Animal Collecting

From ANIMAL PEOPLE, May 1995:

Camille Hankins, 41, of Chester, South Carolina, was
fined $200 on March 22 for ill-treatment of animals at her Animal Save
no-kill shelter, closed last June through the intervention of PETA and
K. Jones, editor of the Charlotte-based animal newspaper T h e
Animality. Eighty animals were taken from Hankins’ trailer home and
yard, of whom about a dozen were euthanized due to illness. Hankins,
a former PETA volunteer, told ANIMAL PEOPLE she was framed
because of PETA’s opposition to no-kill shelters, after she made the
mistake of asking PETA to help her with adoptions. Responded Jones,
“I testified to the conditions I saw several months before the arrest. I
also testified that I tried to get Hankins to give me some of the animals
so that I could get them to a vet, care for them, and adopt them out. I at
one time offered to take them all. She invited PETA down a few weeks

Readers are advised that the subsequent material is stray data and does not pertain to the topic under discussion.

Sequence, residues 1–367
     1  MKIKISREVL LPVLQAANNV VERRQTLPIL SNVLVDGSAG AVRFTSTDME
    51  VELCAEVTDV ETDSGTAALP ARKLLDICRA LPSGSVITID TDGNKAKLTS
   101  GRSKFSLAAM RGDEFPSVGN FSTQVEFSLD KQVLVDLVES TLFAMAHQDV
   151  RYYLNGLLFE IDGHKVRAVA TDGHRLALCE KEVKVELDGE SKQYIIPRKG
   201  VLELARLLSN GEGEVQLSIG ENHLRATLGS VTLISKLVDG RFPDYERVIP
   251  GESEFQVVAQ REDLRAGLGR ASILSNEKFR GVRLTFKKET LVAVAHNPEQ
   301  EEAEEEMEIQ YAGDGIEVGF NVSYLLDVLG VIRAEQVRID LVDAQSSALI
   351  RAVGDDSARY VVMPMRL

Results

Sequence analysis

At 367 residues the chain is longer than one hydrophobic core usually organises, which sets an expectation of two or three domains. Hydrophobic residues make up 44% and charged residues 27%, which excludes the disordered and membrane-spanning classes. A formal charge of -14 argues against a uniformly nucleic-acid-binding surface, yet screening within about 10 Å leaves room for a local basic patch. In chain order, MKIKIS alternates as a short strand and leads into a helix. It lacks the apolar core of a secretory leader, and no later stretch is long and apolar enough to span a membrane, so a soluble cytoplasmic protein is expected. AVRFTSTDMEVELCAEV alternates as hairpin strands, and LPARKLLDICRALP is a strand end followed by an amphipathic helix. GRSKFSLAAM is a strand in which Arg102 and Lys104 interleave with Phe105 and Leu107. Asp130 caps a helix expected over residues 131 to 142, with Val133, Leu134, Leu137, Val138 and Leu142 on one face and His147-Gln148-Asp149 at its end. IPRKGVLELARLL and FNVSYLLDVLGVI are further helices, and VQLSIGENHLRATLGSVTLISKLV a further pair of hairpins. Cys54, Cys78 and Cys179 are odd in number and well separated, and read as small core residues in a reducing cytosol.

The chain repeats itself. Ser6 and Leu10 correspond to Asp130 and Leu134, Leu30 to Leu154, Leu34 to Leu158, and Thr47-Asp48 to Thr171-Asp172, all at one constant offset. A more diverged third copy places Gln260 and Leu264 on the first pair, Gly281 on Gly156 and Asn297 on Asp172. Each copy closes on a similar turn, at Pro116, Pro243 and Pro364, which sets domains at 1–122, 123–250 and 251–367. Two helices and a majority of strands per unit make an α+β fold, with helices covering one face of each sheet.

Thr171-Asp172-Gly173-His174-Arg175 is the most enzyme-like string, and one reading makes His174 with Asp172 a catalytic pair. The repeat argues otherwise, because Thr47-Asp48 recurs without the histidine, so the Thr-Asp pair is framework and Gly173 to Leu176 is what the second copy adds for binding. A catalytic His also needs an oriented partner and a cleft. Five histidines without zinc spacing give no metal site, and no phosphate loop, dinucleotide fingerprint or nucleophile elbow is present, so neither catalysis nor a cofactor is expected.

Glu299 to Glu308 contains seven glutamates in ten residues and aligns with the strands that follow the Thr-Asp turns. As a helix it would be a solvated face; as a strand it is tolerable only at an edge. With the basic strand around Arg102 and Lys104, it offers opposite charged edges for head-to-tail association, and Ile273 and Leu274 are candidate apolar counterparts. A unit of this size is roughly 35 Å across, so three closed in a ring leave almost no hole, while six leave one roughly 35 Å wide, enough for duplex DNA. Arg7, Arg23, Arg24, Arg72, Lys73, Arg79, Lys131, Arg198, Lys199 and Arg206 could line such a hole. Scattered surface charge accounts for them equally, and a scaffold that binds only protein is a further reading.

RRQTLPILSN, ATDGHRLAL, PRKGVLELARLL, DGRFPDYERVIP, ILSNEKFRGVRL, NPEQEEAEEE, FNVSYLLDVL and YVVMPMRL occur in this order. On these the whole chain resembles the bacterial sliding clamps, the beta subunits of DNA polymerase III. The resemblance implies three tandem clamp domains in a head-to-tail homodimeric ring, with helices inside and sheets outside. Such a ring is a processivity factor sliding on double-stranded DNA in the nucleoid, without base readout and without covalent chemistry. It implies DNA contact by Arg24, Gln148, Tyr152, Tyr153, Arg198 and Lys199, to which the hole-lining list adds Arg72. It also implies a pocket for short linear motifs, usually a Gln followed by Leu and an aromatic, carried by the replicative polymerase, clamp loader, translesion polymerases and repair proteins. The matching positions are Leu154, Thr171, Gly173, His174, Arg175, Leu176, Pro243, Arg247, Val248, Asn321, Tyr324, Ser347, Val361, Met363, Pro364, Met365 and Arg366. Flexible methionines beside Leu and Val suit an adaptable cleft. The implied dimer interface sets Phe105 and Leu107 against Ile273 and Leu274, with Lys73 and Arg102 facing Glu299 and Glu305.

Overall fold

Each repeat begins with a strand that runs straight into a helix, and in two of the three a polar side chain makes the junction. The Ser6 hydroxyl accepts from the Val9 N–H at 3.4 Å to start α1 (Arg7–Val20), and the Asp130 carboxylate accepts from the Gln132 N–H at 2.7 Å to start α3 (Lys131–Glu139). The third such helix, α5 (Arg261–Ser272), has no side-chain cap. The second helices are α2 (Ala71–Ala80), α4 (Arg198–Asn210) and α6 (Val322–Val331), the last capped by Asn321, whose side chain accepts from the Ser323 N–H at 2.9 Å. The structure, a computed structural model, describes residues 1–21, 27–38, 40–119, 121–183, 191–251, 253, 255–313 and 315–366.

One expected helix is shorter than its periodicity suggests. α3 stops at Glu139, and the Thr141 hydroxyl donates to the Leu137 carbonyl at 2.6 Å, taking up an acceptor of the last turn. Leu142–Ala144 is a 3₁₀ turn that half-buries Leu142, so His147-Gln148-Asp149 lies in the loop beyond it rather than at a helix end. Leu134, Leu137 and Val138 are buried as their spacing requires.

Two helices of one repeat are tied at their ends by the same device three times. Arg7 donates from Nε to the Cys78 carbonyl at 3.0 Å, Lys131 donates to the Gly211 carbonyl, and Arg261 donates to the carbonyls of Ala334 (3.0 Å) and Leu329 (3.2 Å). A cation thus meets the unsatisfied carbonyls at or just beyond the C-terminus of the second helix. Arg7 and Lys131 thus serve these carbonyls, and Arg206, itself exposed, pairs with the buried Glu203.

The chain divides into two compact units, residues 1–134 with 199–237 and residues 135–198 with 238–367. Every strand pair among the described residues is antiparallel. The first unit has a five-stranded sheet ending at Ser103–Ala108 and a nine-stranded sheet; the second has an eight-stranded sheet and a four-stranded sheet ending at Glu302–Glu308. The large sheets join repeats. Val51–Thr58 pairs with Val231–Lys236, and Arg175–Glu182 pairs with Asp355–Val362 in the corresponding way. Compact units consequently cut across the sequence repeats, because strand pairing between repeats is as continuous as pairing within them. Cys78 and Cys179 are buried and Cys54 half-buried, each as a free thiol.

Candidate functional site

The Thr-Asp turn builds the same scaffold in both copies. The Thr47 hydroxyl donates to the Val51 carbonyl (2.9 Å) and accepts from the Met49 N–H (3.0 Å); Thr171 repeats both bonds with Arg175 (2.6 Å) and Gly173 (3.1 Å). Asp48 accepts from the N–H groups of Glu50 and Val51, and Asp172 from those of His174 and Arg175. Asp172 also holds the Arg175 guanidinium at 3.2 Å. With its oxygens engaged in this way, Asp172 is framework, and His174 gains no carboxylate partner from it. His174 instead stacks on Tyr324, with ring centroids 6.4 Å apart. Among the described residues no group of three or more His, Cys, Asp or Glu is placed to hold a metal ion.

later. I think the town of Chester gave her a fair and just trial, and had
no problem proving her guilt.”

Self-described “bunny lady” Janice Andrea Taylor, 52, of
San Marcos, California, was charged on March 29 with 34 counts of
felony cruelty and six misdemeanors after San Diego Department of
Animal Control Lt. Heidi Warden found 232 sick and injured rabbits on
her premises, along with the remains of 54 others, and evidence she
had been selling them, while investigating a complaint that her dog had
bitten a neighbor. Her bed, TV, and other personal effects were found
in the same shed.
Seizing 93 starving horses, goats, and rabbits in late
March from a farm near Nunica, Michigan, authorities plan to charge
the owner and his daughter with cruelty––once they find them.
Print Friendly

Leave a Reply

Your email address will not be published.